The starting point for this debate is the general principle of Community law - that effective, proportionate and deterrent sanctions should exist. By not specifying any such sanctions and leaving them to the choice of Member States, the discretionary sanctions variant simply reflects the current situation and thus does not properly address the current problems. At present the likelihood of any sanctions being imposed is very low especially where bringing actions in damages is the only available Remedy when the contract has already been signed. Even if the Commission brings more infringement cases, it cannot call for any specific sanctions. Therefore, the desired deterrent effect would vary from country to country depending on the sanctions adopted and enforced, but the overall benefits in terms of legal certainty and improving the effectiveness of the legislation would probably be low. It is also difficult to estimate the associated costs. Introducing the specific "unenforceable contract" option[43] for any contracts unlawfully concluded within the standstill period would increase the likelihood of the sanction being applied. For Awarding Authorities and tenderers, this would mean that the potential negative impacts of ignoring the standstill would be significantly increased which should lead to improved compliance and the state, general public and Awarding Authority should all benefit from improved value for money: the procurement would be closer to their needs. Ultimately, improved deterrence should reduce the number of Remedies actions, as more effective legislation results in more contracts being awarded correctly in the first place. Over the long term, this should reduce some of the costs related to the increased volume of actions identified earlier.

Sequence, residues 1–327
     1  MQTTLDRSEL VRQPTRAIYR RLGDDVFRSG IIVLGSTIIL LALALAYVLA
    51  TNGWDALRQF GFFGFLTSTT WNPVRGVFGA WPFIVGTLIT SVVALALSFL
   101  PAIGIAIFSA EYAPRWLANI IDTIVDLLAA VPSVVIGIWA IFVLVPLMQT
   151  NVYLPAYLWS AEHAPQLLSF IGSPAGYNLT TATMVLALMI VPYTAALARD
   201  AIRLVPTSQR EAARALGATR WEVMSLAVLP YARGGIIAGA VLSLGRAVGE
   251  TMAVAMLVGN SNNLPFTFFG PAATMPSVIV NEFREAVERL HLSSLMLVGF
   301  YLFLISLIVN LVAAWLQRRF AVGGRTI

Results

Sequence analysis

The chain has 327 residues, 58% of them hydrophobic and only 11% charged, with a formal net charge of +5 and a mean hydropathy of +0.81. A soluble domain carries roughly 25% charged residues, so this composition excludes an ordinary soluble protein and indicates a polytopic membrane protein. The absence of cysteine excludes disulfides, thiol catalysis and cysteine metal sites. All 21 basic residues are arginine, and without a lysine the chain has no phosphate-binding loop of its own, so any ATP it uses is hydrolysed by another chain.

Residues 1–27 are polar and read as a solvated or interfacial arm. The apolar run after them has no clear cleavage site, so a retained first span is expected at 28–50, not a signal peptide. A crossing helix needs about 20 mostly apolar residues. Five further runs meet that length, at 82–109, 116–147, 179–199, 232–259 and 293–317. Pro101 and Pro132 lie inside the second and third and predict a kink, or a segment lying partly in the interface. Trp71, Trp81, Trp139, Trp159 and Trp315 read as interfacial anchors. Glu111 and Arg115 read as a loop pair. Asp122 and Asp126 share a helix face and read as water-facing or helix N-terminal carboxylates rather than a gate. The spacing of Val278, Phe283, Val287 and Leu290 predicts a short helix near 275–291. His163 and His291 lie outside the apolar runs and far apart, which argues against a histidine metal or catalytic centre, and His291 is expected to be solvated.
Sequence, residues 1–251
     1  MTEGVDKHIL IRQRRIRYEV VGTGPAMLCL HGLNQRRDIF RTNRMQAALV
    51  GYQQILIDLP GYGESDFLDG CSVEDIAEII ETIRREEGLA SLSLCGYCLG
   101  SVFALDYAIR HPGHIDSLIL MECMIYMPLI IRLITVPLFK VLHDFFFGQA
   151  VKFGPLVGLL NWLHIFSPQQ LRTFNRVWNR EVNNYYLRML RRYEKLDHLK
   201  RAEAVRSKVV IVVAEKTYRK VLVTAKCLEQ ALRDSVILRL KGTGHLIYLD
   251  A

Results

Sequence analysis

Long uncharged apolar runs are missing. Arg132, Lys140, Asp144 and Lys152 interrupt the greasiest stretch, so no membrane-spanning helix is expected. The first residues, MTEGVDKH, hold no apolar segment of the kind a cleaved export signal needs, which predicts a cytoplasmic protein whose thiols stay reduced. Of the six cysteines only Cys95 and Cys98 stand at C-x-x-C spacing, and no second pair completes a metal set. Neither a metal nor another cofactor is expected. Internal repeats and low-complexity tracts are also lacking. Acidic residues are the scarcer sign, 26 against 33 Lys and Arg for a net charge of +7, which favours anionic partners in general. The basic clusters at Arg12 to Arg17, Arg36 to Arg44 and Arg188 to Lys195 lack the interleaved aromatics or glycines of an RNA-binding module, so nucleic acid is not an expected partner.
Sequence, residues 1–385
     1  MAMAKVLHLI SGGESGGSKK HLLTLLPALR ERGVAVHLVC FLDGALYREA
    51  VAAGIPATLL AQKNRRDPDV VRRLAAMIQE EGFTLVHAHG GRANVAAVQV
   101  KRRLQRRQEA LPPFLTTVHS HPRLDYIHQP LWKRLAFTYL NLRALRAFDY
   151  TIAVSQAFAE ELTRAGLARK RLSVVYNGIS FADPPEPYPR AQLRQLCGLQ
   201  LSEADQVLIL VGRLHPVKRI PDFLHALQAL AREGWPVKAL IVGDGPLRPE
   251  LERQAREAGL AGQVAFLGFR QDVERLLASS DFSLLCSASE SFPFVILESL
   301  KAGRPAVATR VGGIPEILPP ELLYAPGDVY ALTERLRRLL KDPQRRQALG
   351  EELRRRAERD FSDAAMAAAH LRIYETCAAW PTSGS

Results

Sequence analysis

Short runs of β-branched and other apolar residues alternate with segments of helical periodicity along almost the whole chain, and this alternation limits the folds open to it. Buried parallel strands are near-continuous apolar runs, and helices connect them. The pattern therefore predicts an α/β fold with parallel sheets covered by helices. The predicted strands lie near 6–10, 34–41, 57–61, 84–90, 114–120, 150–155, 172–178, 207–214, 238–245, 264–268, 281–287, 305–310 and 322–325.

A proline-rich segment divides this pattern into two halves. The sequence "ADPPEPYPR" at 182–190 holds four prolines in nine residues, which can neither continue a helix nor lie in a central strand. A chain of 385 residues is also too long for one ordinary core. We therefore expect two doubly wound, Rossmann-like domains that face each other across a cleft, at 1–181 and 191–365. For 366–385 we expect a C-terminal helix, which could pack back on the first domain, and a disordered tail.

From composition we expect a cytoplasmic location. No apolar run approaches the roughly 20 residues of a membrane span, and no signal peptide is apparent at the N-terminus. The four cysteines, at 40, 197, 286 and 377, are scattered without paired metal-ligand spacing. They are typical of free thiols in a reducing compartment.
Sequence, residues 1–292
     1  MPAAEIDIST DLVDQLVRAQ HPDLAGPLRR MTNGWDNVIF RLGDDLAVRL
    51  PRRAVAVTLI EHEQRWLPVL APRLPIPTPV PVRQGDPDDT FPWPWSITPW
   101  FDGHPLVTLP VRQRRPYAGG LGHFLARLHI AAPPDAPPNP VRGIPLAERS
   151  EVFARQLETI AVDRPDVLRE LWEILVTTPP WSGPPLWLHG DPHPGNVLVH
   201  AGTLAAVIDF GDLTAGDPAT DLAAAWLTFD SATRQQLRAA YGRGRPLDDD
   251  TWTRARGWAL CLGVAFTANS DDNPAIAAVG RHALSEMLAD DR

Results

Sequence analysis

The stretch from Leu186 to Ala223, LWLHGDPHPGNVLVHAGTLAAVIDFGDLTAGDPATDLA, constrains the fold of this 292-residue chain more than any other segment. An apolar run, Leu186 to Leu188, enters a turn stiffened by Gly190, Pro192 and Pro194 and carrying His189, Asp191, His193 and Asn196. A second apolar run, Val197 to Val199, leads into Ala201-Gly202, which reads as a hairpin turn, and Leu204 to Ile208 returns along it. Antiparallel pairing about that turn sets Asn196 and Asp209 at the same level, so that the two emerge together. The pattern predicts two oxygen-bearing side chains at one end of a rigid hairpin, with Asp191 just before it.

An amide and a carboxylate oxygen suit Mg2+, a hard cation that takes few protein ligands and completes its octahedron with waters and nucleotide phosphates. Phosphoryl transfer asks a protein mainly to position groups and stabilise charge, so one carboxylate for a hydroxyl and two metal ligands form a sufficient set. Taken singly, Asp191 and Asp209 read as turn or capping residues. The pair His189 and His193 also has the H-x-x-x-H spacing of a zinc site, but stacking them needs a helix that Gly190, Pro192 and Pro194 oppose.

There are clearly some quite significant potential costs associated with the use of the "unenforceable contract" option. However, once suppliers and Awarding Authorities understand that this is a sanction which applies to a wilful breach of the clear and straightforward obligations arising from a standstill period and that such sanctions will be applied, its actual use should be very low, thus lowering the associated expected costs. In addition, prescription of action would limit the risk to be brought to court to the first six months after contract signature. If this "unenforceable contract" remedy is applied, the winning bidder would lose the profit unduly expected from the project and the costs that have been incurred to secure the contract – but according to national legislation it could be compensated by the Awarding Authority for costs relating to the performance of the contract (see for example, rules on unjust enrichment). In return the Awarding Authority would receive whatever supply/service/work has been delivered, but they would also incur costs relating to the delay of the service, and the costs of re-launching the tender process. Society in general would suffer perhaps the largest loss, due to the delay in the procurement, although there might be some benefits from the improved procurement process to offset against this. In the case of direct awards, the winning bidder would have no bid costs and although the Awarding Authority would now incur some costs relating to the call for tender process, these would be costs that it should have occurred initially. Overall it could be expected that over time the benefits of this variant will outweigh the costs.